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Obie Awards Celebrate Off and Off-Off Broadway Community

Obie Awards Celebrate Off and Off-Off Broadway Community
Photo Source: Joan Marcus

The love was definitely in the room at the 58th annual Village Voice Obie Awards, which were hosted by Jessica Hecht and Jeremy Shamos at Webster Hall on Monday night.

The Obie Awards honor Off-Broadway and Off-Off-Broadway, and there are no set categories or nominees, unlike "the other stupid fucking awards shows," as Shamos delicately put it. The winners receive a somewhat "cryptic" invitation to the event, as one winner put it, and the honorees include actors, playwrights, directors, composers, costume designers, producers, and more.

"The Obies are like downtown theater itself," Hecht said, acknowledging the unpredictable community-oriented nature of the evening.

The event also marked longtime Village Voice theater critic Michael Feingold's final awards as a staff member at the Voice, as his contract was terminated with the paper. When Feingold took the podium, the audience greeted him with a rapturous standing ovation. Feingold addressed them as friends because "that's what you all instantly became" and asked everyone to consider the night a celebration.

Schuler Hensley received the first award for his performance as an obese man dying of congestive heart failure who is reconnecting with is daughter.

"As an actor, you're only as good as the people around you," Hensley said as he accepted the award. Then he went on to say, "There's not a day that goes by that Charlie isn't in me."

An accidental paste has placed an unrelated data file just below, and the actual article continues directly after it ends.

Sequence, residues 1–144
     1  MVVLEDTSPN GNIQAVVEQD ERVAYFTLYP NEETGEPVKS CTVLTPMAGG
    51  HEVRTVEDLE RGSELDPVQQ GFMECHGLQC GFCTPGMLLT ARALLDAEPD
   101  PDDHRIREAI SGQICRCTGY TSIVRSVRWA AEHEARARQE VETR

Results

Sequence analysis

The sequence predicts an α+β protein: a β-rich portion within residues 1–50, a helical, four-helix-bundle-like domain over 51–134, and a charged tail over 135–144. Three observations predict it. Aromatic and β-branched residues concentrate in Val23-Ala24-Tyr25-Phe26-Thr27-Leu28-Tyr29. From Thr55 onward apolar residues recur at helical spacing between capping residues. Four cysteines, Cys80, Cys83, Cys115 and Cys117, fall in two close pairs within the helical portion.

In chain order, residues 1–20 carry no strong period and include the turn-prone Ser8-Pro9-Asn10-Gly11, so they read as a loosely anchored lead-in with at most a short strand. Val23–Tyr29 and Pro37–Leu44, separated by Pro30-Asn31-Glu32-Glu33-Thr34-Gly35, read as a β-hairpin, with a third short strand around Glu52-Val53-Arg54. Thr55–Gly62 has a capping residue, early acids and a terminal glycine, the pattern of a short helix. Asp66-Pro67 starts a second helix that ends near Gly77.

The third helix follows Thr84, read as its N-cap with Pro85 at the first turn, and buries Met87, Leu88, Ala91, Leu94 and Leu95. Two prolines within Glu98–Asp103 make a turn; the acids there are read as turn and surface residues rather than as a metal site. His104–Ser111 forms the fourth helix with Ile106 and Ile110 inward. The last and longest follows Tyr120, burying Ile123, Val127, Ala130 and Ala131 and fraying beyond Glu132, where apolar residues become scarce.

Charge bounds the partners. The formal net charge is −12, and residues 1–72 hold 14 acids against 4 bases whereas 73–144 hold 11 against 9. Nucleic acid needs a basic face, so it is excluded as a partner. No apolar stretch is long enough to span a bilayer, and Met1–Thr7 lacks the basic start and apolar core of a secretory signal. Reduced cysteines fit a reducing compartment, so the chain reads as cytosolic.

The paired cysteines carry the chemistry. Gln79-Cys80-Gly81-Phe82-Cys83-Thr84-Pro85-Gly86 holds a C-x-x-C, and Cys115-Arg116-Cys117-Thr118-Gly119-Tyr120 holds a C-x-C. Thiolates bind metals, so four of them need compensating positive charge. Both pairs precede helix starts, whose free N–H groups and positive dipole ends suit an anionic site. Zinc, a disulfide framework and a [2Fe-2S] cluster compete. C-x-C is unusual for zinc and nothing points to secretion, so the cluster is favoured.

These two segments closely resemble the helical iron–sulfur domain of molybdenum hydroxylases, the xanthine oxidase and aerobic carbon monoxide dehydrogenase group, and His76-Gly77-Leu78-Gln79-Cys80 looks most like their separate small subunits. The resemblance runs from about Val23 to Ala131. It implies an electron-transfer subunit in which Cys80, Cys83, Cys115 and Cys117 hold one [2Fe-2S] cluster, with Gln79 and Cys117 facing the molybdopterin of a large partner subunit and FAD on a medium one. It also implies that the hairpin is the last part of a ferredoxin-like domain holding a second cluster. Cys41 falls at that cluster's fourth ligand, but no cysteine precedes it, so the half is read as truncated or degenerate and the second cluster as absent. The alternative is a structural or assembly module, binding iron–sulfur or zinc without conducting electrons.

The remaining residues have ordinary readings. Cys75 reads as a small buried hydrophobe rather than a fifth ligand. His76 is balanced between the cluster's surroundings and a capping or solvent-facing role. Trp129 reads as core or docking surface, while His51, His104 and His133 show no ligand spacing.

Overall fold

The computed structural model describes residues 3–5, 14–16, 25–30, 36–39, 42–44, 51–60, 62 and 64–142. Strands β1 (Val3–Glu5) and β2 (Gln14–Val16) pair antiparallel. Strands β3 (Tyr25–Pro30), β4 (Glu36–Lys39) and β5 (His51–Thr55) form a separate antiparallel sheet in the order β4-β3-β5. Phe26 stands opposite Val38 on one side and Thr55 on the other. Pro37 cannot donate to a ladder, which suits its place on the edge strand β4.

Other performance awards went to Brandon J. Dirden for "The Piano Lesson," Paul Thureen for "Blood Play," and Eisa Davis and Matthew Maher for sustained excellence.

"I love you all for the rest of my life!" Maher said, accepting his award. Maher starred in "The Flick," which also won an Obie for playwright Annie Baker.

"I think I can only really express myself through the mouths of great actors," Baker said. "As a person, I don't really have anything to say."

Meryl Streep, whom Shamos called "the epitome of great acting," presented the evening's awards for lifetime achievement to Lois Smith and Frances Sternhagen.

"Does this mean I'll never get another job?" Smith quipped about receiving an honor for her lifetime. And then, more sincerely, she addressed the crowd, "Lifetime? We're having it."

A complete list of winners is below.

Eisa Davis, Sustained Excellence
Brandon J. Dirden, The Piano Lesson (Signature Theatre)         
Shuler Hensley, The Whale (Playwrights Horizons)  
Matthew Maher, Sustained Excellence
Paul Thureen, Blood Play (The Debate Society/Bushwick Starr)

Ayad Akhtar, Disgraced  (LCT3)    
Annie Baker, The Flick (Playwrights Horizons)    

Lear deBessonet, The Good Person Of  Szechuan (Foundry Theatre/La MaMa)
John Rando, All In The Timing (Primary Stages)  
Ruben Santiago-Hudson, The Piano Lesson (Signature Theatre)
Eric Ting, We Are Proud To Present A Presentation... (Soho Rep)

Laura Jellinek, Sustained excellence of Set Design
Clint Ramos, Sustained excellence of Costume Design     

Special Citations
David Levine and Marsha Ginsberg, HABIT (Crossing the Line Festival/FIAF & PS122)
Dave Malloy and Rachel Chavkin, NATASHA, PIERRE & THE GREAT COMET OF 1812 (Ars Nova)        
Nature Theater of Oklahoma, LIFE AND TIMES: EPISODES 1-4  (Public Theater/SoRep)

David Byrne & Fatboy Slim, HERE LIES LOVE (Public Theater) 

The Ross Wetzsteon Award (with check for $1000.)
Clubbed Thumb

Fulcrum Theater ($1,000)
Half Straddle ($1,000)

Best New American Play (tie w/$500. to each playwright)
Lisa D’Amour, Detroit
Julia Jarcho, Grimly Handsome

Lifetime Achievement
Lois Smith
Frances Sternhagen

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